The Naked Edge
Morrell Enterprises, Inc
Review by David Simms
Many weapons are wielded in David Morrell’s stories. In The Naked Blade, he aims straight for the Kindle – a novel only for the paperless bestseller. A risky move? Perhaps, but what else would you expect the man?
The father of the modern thriller has accomplished many feats in the nearly forty years since he stuck his blade into a readership. That group has now become legion with many followers and almost as many imitators. However, there exists two major differences David Morrell and the others.
First, the writing. In many action/adventure/espionage/whatever you choose to call them novels, the idea is paramount while the prose and characters remain secondary with few exceptions, such as Ken Follett, John Connelly, and F. Paul Wilson. Second, the best in the business tend to know their craft. Writing what you know is amazingly prudent advice when it comes to penning a great book but it isn’t always easily accomplished.
Upon meeting Morrell back in 2004, he had to shake hands with his left – his right collarbone injured during a combat class he took, and passed. Along with that, he learned Secret Service driving, Delta Force style hand to hand and weapons training and a plethora of other skills he would employ in his books that rang of authenticity. Many readers have continued to state how much they have learned from Morrell’s stories – how to fight, defend themselves, and simply gaining an insight into a hidden world which they could only glimpse the tip of through movies and other novels. Here, one knows he or she is getting an accurate picture of how the story would truly play out in reality – something that doesn’t occur nearly enough in this type of fiction.
The tale itself is a sequel to his The Protector, which details the story of Cavanaugh, whose profession is in private protection of clients from kidnapping to witness protection to whiny celebrities and business types. Retired from the business after wife Jamie sustains a gunshot wound (in The Protector), he relaxes in his beautiful ranch at Jackson Hole, Wyoming. A sniper and assault team attempt to murder him just as his lawyer arrives via helicopter to inform him that he is the heir to Global Protective Services, a worldwide system of “protectors.”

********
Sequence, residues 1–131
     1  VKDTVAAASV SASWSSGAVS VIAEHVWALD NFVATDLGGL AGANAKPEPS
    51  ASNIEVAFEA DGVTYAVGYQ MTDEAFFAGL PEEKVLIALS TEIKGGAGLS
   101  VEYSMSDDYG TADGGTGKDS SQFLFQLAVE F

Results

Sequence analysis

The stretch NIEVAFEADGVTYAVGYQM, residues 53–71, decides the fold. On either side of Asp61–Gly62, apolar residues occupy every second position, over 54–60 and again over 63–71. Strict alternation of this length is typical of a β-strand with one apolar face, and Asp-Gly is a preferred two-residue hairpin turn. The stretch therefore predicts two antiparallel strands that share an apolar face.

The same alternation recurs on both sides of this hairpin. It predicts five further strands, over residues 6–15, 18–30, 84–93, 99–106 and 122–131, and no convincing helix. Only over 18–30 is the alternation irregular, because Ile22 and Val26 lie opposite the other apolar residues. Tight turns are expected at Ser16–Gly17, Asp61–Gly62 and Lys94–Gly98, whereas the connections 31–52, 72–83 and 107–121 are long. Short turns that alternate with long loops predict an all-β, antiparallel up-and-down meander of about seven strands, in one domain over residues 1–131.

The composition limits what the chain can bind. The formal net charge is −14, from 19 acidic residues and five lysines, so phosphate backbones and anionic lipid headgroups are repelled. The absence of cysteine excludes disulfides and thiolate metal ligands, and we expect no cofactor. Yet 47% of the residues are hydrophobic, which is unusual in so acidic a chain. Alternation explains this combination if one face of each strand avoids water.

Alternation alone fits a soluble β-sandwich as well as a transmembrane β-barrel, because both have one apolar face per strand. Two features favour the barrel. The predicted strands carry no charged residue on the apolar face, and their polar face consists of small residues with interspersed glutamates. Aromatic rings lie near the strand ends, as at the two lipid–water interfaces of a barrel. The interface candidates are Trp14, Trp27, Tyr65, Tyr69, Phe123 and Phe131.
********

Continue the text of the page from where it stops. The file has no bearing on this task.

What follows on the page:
Cavanaugh finds himself drawn back into the game after realizing that his Delta Force – and childhood – friend is behind the attempts. Morrell ratchets up the suspense as protectors all around the world are being assassinated – by blades. His ex-friend, who fell out of favor with the business, is a master knife maker and chooses to show his adversary how skilled he has become.
From Wyoming to New York to Iowa to New Orleans, the reader is swept up in an adventure that does not have any spots which feel he or she need to skim. Whether the action is flowing or ebbing, Morrell “teaches” his audience the craft of the blade – its construction, uses, and the history – both in time and how they affected the main characters’ lives. One might find himself wishing to learn some of these skills (something that is NOT uncommon in this author’s novels.)
The cat and mouse game between Cavanaugh and his nemesis, Carl, keeps intensifying throughout the plot, both in big scale and personal levels. The use of blades here goes beyond sheer weaponry – it’s symbolic of the characters and the edge they walk in their relationships – one misstep on the razor sharp edge can not only kill but damage many others’ lives in the process.
For those who like their thrillers strong, like the old-fashioned pulp novels but with the sophistication of modern writing, Morrell never disappoints. If on the fence about buying a Kindle, it’s items such as this which will seduce the reader.